This is based on essentially gossip, or if you prefer, a rumor. I have been dining in Washington again and someone there who is in fact both well known and very well informed, but whom I shall not name, made a comment about the state of conventional weapons in DPRK and also said that this has not been publicly known. According to this person their condition is much worse than publicly believed. So out of date and out of condition are they that supposedly North Korea can no longer seriously threaten Seoul with a conventional attack (as has long been taken for granted as being possible and looming over the situation there).
The supposed implication of this, if indeed it is true (which it may not be, and this is simply not easily checked on), would be that the DPRK needs its nuclear weapons more than we have thought and will be even less willing to give them up than has been thought, not that many of us have taken too seriously the idea that they would be willing to give them up. Indeed, there have been recent rumblings out of Washington, denied by the administration, that Trump may be willing to return to the position of earlier administrations and cease trying to get DPRK to give up those weapons while trying to put some limits on the program instead. Needless to say, Trump has had nothing but ridicule for this position when it seemed to be that of Obama, but if he does it, well, this will sort of be like calling NAFTA the worst trade deal ever and then negotiation a new NAFTA that is only slightly different from it and proclaiming it to be the best trade deal ever.
I doubt the South Koreans would like to gamble in reliance on that rumor.
There is probably some truth to this rumor, but I deficiencies in materiel make much of a difference. I read the Daily NK website for North Korean news, and while I am sure the website has its biases, it has decent NK coverage. A recent article had the NK military running out of high oil soy bean seeds for planting and having to get seeds from local farmers. Another article had the government demanding “loyalty payments” of about $500 from its internal security agents, presumably bribe money. Other articles describe the recent crackdown on overseas calls birth defects in Bungang likely from radioactive contamination.
Overall, the NK economy has been under a lot of stress, and ever since the famine in the 1990s, a private sector has developed that is not completely under government control but that the government finds necessary. Even if we assume that this means problems with weapons procurement and maintenance, it doesn’t mean NK is toothless. If nothing else, even poorly equipped armies fight hard on their home turf.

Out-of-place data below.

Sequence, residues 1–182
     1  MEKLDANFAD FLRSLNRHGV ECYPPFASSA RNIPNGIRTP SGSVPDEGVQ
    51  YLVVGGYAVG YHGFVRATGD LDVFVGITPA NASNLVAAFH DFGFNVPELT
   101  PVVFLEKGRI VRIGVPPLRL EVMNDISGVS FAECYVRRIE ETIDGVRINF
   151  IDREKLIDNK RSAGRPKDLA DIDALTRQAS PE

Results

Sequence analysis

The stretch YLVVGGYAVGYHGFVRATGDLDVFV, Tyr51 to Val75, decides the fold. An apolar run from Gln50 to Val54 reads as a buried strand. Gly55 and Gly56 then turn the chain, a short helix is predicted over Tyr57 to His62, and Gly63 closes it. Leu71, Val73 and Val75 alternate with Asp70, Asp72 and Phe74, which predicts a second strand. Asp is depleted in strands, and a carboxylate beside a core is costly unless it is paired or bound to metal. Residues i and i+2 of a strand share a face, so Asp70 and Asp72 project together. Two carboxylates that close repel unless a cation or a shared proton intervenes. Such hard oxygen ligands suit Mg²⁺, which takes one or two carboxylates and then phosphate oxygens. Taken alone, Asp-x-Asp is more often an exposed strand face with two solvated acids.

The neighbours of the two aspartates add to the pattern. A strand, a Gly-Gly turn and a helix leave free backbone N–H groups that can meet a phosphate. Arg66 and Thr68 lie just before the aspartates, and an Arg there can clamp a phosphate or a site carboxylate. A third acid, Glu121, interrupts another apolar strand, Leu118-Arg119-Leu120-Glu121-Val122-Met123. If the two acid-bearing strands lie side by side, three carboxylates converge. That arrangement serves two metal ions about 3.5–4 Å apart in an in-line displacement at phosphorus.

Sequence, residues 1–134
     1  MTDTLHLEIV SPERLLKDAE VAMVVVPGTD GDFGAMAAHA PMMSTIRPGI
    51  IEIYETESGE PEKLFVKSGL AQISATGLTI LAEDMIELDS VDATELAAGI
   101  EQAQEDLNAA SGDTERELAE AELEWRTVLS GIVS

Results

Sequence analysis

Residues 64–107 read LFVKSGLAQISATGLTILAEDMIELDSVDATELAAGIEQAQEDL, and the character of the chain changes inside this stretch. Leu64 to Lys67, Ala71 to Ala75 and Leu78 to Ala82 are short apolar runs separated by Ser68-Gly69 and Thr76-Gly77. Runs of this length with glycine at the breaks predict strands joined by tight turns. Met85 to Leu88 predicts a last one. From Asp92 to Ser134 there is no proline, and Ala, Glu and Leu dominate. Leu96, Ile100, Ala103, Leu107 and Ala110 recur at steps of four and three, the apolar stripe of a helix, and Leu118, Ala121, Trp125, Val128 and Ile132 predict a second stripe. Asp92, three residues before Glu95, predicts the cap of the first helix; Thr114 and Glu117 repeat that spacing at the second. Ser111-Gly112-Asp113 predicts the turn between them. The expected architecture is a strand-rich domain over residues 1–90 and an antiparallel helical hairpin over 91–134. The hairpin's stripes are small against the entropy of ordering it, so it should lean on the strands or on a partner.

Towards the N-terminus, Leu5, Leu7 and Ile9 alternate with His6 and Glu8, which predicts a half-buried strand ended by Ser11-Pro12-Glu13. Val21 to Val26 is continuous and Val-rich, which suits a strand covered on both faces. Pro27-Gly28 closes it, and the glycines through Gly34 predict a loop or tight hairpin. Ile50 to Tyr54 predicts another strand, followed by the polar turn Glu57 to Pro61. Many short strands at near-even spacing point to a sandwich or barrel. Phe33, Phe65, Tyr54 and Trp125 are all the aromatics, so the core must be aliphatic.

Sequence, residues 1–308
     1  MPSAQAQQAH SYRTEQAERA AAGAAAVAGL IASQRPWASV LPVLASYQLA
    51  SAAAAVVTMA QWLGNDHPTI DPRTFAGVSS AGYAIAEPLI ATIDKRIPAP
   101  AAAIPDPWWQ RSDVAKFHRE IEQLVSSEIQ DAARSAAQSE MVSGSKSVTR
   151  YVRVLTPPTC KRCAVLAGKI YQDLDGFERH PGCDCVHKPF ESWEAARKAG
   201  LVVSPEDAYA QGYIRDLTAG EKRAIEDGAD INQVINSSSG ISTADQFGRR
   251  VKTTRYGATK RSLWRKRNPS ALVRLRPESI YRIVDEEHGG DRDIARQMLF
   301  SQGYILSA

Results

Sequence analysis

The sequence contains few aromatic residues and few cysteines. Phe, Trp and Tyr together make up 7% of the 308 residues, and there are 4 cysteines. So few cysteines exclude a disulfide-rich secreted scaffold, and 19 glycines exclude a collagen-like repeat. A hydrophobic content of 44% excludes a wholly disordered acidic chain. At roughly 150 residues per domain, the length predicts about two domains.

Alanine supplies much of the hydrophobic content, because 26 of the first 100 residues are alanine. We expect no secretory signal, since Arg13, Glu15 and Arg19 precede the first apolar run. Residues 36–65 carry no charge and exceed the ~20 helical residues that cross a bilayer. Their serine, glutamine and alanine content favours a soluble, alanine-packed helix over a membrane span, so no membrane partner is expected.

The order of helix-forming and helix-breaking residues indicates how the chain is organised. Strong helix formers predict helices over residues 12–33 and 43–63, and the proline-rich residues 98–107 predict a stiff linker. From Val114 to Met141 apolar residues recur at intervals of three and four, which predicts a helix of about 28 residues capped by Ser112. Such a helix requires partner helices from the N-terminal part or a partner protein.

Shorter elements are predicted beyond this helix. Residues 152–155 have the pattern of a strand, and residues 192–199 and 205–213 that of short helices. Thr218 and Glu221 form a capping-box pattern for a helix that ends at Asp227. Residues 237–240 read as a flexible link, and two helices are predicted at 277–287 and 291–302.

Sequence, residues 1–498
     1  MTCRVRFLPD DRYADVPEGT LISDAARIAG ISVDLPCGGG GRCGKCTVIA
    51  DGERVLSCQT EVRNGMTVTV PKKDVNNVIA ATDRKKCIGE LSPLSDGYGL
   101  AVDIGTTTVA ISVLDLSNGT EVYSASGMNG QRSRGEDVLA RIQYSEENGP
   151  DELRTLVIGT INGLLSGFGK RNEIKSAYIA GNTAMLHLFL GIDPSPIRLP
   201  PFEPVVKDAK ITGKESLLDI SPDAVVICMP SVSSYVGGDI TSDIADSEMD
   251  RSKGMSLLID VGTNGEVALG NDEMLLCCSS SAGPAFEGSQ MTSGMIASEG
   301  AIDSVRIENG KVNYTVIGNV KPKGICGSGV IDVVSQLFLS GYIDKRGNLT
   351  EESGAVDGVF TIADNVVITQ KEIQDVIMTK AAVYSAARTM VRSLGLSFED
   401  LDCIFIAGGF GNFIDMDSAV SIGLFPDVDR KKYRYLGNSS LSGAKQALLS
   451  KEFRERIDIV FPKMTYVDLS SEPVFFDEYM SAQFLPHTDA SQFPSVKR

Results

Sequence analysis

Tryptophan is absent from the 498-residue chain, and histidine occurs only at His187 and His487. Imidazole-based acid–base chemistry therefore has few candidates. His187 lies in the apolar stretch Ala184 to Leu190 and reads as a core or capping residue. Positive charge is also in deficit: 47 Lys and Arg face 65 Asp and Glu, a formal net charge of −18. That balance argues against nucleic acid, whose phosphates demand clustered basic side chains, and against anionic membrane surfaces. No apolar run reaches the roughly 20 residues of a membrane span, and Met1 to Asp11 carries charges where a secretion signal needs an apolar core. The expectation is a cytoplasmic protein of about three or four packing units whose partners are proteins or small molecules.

In the last major war that North Korea fought against US and UN forces, they did not have more or better armaments. They had a forbidding terrain and the home defense advantage. They also thought nothing of using civilians as human shields. I knew soldiers who fought there, and their stories were deeply upsetting.
With regards to South Korea, it helps to look at a map. Seoul and the major developed population and industrial centers in South Korea cluster near the border with the north. Downtown Seoul is maybe 30 miles from the DMZ. North Korea reportedly has extensive conventional artillery targeting this region and a record of not distinguishing military and civilian targets.
How good is this artillery? How good does it have to be to seriously disrupt the South Korean economy and kill a lot of civilians? It is not as if South Korea could evacuate the area. This has been their deterrent since the 1950s. I don’t think the North Korean government is worried about an invasion. They have an effective non-nuclear deterrent. I just think they are trying to see what they can get.
I did not comment on the food situation in this post, but have done so in several recent ones. It is not good, bad harvests, but this fact has not been reported in the U’s MSM, not at all, not even a whisper of a mention. As it is, I have posted that internal political tensions over this food shortage (not at famine levels), is partly responsible for the disappearance of some important DPRK officials, including the leaders of the nuclear negotiation team, with rumors some have been either thrown in prison or even possibly m executed.